Home to 10,000-foot active volcanoes, elaborate temple ceremonies and dazzling festivals of drama, music and dance, Bali is a place where visitors can expect to be amazed.
Indonesia is a beautiful, exciting and diverse country located in Southeast Asia. It comprises approximately 17,000 islands, which are home to some of the world’s most stunning scenery and incredible geographical features, such as steaming volcanoes, lush jungles and breathtaking beaches. It’s also a country as rich with history and culture as it is with natural beauty. From cliffside temples to volcanic lakes to beach parties and vibrant cities, Indonesia offers a delicious blend of adventure, excitement and relaxation.
Government: Unitary Presidential Constitutional Republic
Did you know?
- Indonesia is the largest Islamic country. Approximately 87% of the population is Muslim.
- Indonesia is home to the Javan Rhino, which is not found anywhere else in the world.
- There are more than 580 languages and dialects spoken in Indonesia.
- Like nutmeg? Indonesia produces most of the world’s supply.
Indonesia is almost entirely a tropical climate without significant temperature change by season or location. Since there is no real differences in temperature, the way to differentiate between seasons is whether they are wet or dry; during the wet season there is a regular risk of typhoons and large storms. The year-round temperature averages 27 degrees Celsius, no matter the location.
- Dry Season: April – October
- Rainy Season: November – March
Fossils of the homo erectus have been found in Indonesia dating back more than one million years ago. Modern man reached Indonesia about 45,000 years ago and, by the 1st century, the country had a flourishing array of villages, towns and small kingdoms. By the 16th century, Islam was widely adopted in most of Indonesia. During World War II, Indonesia was occupied by Japan in what was sadly one of the most oppressive regimes in Indonesian history. It’s said that four million people died of starvation during this time. Indonesia was formally recognized as a independent in 1949 after being ruled by the Dutch prior to the war. Today, Indonesia battles with political and economic instability; yet, despite all of the different religious and ethnic groups, Indonesians live for the most part quite harmoniously.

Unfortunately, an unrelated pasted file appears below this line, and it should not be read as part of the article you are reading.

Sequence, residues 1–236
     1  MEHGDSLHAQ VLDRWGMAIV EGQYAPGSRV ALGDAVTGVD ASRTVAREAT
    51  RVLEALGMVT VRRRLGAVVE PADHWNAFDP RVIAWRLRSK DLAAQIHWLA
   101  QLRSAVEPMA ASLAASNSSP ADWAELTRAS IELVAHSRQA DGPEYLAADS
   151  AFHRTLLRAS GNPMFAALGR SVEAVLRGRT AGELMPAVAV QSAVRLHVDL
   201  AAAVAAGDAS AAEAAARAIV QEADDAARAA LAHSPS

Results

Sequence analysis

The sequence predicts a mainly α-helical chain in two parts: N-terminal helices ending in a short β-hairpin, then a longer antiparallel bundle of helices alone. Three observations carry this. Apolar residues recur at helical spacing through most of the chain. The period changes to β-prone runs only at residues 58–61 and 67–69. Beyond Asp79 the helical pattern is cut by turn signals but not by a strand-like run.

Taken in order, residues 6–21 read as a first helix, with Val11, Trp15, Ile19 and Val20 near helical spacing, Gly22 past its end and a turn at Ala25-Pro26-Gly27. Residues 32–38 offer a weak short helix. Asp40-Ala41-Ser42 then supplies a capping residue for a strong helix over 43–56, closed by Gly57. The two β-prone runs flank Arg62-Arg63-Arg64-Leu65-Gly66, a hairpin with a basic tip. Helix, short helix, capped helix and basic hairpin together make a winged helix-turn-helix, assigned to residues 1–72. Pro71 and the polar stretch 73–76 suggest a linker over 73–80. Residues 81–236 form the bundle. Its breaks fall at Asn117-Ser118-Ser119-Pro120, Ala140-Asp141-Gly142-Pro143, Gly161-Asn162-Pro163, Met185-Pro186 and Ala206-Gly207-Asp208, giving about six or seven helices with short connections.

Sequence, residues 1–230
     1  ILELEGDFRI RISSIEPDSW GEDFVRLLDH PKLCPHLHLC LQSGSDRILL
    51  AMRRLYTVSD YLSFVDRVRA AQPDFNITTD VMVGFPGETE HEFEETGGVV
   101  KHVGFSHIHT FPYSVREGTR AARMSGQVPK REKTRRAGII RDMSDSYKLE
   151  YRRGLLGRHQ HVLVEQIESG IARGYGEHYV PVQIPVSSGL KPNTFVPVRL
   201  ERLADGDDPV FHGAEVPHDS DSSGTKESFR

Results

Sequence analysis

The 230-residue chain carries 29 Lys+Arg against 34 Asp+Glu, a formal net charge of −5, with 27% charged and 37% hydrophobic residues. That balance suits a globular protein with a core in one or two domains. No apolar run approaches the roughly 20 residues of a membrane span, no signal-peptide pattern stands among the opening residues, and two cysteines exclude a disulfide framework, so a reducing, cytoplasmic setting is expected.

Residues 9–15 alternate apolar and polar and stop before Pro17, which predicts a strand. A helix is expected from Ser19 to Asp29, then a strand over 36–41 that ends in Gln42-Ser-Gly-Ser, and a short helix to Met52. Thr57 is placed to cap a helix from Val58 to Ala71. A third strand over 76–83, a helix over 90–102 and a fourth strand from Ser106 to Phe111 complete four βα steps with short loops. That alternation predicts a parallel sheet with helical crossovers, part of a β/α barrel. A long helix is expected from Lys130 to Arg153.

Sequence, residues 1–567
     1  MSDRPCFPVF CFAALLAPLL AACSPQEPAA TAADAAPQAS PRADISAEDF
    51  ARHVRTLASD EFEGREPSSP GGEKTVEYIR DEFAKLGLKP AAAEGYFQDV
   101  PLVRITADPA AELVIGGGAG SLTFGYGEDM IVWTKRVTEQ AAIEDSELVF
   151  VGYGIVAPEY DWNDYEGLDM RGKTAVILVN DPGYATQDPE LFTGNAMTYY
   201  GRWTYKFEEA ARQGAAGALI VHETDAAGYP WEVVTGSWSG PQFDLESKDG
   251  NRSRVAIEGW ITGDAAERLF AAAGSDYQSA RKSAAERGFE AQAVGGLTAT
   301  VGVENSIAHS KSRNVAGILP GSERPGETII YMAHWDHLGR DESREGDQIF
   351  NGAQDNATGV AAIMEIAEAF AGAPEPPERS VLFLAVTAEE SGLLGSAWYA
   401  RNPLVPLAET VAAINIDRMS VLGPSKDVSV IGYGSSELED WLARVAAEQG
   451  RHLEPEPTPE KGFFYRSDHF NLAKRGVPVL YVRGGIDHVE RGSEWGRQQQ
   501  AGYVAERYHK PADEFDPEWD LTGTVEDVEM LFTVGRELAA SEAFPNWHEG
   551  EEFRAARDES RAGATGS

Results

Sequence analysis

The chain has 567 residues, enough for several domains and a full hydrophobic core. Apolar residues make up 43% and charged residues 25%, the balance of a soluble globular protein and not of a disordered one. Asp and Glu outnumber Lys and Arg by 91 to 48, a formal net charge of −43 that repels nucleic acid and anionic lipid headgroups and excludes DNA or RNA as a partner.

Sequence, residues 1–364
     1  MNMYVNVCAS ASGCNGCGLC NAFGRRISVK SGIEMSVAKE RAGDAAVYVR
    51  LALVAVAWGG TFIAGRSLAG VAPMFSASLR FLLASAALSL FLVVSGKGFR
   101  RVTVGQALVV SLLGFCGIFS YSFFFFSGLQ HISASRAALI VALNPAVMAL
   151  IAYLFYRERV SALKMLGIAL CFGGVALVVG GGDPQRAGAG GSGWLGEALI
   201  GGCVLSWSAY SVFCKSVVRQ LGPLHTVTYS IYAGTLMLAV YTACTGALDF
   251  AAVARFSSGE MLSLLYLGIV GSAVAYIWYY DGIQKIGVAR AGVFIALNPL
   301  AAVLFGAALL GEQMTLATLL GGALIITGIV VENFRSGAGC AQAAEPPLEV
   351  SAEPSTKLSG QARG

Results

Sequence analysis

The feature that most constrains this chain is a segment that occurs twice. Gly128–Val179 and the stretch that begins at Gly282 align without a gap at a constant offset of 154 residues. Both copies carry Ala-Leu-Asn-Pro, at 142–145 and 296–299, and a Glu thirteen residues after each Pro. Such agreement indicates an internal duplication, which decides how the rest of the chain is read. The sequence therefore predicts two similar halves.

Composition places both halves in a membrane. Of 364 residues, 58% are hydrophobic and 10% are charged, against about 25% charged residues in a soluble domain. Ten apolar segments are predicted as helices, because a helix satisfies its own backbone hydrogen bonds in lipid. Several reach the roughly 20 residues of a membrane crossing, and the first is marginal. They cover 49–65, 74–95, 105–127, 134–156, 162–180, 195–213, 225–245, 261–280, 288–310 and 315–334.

KOMODO NATIONAL PARK
This park is home to, and named after, the Komodo dragon – the world’s largest living reptile. Komodo dragons can grow to be three meters or more in length and weigh more than 70kg. The dragons eat mostly dead animals, however they are great predators and will hunt birds and mammals. Not to worry, however, as attacks on humans are very rare. Besides being home to the dragons, the park is also a refuge for various other land mammals and also features a rich marine environment of coral reefs, mangroves and submarine mountains. The park is committed to protecting its biodiversity, and in 1986, was declared a World Heritage Site and a Man and Biosphere Reserve by UNESCO.
For more than a century, Ubud has been Bali’s cultural centre and the heart of the island’s art, music and dance scene.
This famous volcano in eastern Java has an other-worldly feel to it, as well as a haunting legend behind it.
This remarkable UNESCO World Heritage site is one of the most famous Buddhist temples in the world.
Boasting a laid-back culture with beaches and scenery to rival anywhere in the world, you’d be hard pressed to find a more relaxing vacation spot than the Gili Islands.
The city of Jogjakarta is renowned for its fine art and tradition.
At the Semmenggoh Orang Utan Rehabilitation Center, volunteers are helping to rehabilitate orangutans that have been injured or orphaned.
After a series of robberies on the road, Tammy Burns learns to trust again while travelling in Bali, Indonesia — thanks to a sunrise hike and a Balinese taxi driver.
Chef’s Run Wild’s Chad, Clayton and Lyndon climb Mount Bromo and discover themselves amidst the most picturesque, cloud-covered view point imaginable. “It was almost as if it were a dream atop the most beautiful mountain, surrounded by lush trees and a view of what seemed like a different planet,” says Chad.
What’s it like to discover Bali’s juiciest roasted suckling pig when you’re starving, tired and on a tight budget? You’re about to find out.
Woken up by a 5 a.m. call to prayer, Chad is led through the back streets of Indonesia’s Jogjakarta, where the three chefs become eyewitness guests to the Islamic Festival of Sacrifice.